Time is precious and every day is important for Prof Robert Williams.
The Durham University lecturer was diagnosed with prostate cancer in 2012 - later to be told it was incurable.
Despite medics’ words having a chilling impact on his life, he tells me that within weeks he had to accept it and make the most of whatever future life he had left.
Robert, a professor of politics at Durham University, asked himself what he had always wanted to do and thriller-writing came top of a very short list.
Now, following the launch of his two international political thrillers - The Potomac Plot and The Corcovado Conspiracy, Robert has explained how he turned to writing in his darkest hour.
He said: “Writing has always been an important part of my professional life but writing fiction is a very different and quite liberating experience.
“When I was working I used to read a lot of thrillers for relaxation and I often used to speculate as to whether I could produce work of a commercial standard. When I write fiction, I take on a new persona. I am Jack Carey, thriller writer. The names are tributes to my Welsh grandfather, Jack, and my beloved Irish mother whose maiden name was Carey. To my ears, Jack Carey already sounds like a well-known thriller writer.
“Being diagnosed with any cancer concentrates the mind and being told it has spread and is incurable concentrates it even more.
“Time is precious and every day becomes vitally important. Life is not to be wasted so I asked myself what was it I had always wanted to do that I had never done and thriller writing came top of a very short list, so I have given it my best shot.
“I’ve written two books in the last two years, The Potomac Plot and The Corcovado Conspiracy, and I am hard at work on my third thriller.”
Robert has high aspirations and hopes his work can be best sellers.
“Judging by the very flattering early reviews,” said Robert. “I have succeeded beyond my expectations and I am determined to pursue my dream of seeing one of my books appear in the best sellers’ charts.
“When you write exciting thrillers, the world you create and the characters that populate it are under your control. Anything is possible and you are limited only by your imagination.
“In the world of the cancer patient, this is far from the case so thriller writing for me is an escape, a release from brooding on my illness and its inexorable progress.”
Robert taught politics and corruption at both York and Durham University excelling in his field, and travelling as far as Australia, China, Canada and the States to deliver his informative lectures.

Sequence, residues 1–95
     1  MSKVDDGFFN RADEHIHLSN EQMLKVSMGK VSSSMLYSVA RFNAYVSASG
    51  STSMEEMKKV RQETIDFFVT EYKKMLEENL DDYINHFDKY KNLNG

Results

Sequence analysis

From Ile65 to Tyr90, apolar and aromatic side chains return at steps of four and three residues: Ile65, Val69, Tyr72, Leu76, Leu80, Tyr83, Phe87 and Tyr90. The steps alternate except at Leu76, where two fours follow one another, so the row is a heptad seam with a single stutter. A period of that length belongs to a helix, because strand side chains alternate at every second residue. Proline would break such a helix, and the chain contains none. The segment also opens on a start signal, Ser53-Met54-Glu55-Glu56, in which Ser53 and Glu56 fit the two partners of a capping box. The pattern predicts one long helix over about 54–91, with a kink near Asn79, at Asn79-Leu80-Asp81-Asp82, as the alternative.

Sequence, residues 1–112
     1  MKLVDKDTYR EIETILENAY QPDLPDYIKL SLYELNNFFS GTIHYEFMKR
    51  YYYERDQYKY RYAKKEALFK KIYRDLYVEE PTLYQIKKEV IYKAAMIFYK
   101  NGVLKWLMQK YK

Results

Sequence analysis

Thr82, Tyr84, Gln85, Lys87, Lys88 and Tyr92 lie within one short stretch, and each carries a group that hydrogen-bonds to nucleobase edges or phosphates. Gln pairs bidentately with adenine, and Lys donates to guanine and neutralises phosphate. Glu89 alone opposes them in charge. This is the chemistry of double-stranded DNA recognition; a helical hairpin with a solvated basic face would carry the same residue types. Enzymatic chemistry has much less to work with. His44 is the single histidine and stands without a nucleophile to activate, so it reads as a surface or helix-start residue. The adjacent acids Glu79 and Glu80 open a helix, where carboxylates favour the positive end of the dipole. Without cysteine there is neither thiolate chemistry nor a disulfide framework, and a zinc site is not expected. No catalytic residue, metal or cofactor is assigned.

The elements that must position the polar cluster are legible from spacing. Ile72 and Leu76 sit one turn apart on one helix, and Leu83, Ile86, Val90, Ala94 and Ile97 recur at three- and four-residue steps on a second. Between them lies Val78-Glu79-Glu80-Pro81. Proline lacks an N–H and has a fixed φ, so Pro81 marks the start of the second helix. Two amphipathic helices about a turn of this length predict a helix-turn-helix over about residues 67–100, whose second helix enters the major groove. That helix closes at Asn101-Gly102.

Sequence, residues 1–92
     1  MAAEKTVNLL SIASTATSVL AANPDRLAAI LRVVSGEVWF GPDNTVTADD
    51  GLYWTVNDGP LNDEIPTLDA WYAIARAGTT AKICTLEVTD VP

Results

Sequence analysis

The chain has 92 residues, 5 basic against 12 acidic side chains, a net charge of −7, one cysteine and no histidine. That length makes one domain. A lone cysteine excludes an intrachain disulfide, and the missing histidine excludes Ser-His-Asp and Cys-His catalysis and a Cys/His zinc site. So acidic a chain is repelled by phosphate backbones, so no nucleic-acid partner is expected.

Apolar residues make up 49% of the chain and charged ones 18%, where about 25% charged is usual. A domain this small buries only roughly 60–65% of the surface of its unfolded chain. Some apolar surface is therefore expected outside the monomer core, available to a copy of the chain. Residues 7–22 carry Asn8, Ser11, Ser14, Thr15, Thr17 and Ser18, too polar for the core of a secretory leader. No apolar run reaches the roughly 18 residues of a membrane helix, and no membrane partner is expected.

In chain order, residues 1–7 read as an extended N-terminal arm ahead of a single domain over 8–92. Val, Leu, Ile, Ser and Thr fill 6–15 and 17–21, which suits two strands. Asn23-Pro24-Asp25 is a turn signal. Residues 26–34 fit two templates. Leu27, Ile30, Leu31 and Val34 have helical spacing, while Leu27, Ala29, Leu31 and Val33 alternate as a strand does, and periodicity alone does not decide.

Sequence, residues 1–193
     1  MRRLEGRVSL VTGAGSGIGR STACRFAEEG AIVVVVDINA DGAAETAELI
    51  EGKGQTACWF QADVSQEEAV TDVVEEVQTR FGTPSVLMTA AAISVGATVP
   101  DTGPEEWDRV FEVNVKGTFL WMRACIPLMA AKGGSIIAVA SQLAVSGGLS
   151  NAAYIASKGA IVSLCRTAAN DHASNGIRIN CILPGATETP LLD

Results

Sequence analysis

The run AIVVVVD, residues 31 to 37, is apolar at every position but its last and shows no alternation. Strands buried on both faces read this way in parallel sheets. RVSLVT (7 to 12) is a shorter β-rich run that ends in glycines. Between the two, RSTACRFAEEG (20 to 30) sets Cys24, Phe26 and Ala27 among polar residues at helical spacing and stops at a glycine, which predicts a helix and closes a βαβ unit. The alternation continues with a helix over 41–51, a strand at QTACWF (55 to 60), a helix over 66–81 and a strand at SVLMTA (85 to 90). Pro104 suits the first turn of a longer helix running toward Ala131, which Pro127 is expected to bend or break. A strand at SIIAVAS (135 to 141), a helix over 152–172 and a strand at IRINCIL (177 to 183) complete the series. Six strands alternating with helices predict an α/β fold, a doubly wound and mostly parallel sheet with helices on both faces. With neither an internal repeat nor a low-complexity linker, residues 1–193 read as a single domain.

He has worked with several governments and international agencies as an anti-corruption consultant, as well as undertaking research in Eastern Europe, Africa and the Middle East.
Robert’s world came crashing down in 2012 when he was diagnosed with cancer. He has undergone seven months of gruelling chemotherapy, hormone therapy, and radiotherapy.
He said: “I can remember the doctor’s words and the chilling impact they had. But, within a few weeks, I had come to terms with it and resolved to accept any treatment on offer and to get on with making the most of whatever future life I have.
“The doctors said that while my cancer was incurable it could be managed and I have nothing but praise for my consultants, Messrs Azzabi and Pedley, and the nurses and staff at both the Freeman Hospital and the Sunderland Royal.
“I am very lucky and all North East cancer patients are lucky to have such excellent people and facilities to treat their conditions.
“Treatment can, of course, be unpleasant and disagreeable but when you are as fortunate as I am in having a loving and supportive family and circle of friends, the side-effects are manageable. My heart goes out to those people who have to face this disease alone.
“We are still far away from a cure but my daughter, Rebecca, who manages an RSPCA animal centre near Chester le Street and my son, Robert, who is a police officer in Western Australia have both run marathons raising money for Prostate Cancer research.”
Roberts books are both available to download now from the Amazon Kindle store and he is already working on his third Jack Carey thriller, The Cape Town Connection, which is due for release next year.
He explains: “My books are exciting thrillers set in exotic locations - ideal holiday reads. When I read a thriller, I like to learn something about other countries and their cultures. I have been lucky enough to travel around the world in my work so I decided to incorporate some of my experiences into writing thrillers. In short, I try to write the sort of books that I like to read
“The Potomac Plot is set in Washington D.C. and tells the story of how a British visitor becomes involved in a terrorist assassination attempt on the American Secretary of State. It poses and answers the question, could you kill an old friend to save the woman you love.
“The Corcovado Conspiracy is a political conspiracy thriller set mostly in Rio de Janeiro. It centres on a plot to overthrow Brazil’s first elected woman President, Rosa Vargas, and brings her into contact and alliance with an expatriate British businessman, John Angell. The fate of the country is decided in a cataclysmic confrontation around Rio’s giant statue of Christ the Redeemer on Corcovado Mountain.
“Readers and reviewers tell me that both my books would make great films. I am open to offers for the film rights.”
Robert’s books are also available as paperbacks from Amazon.
For more information check out his website at Robert-Williams.co.uk or Jack-Carey.co.uk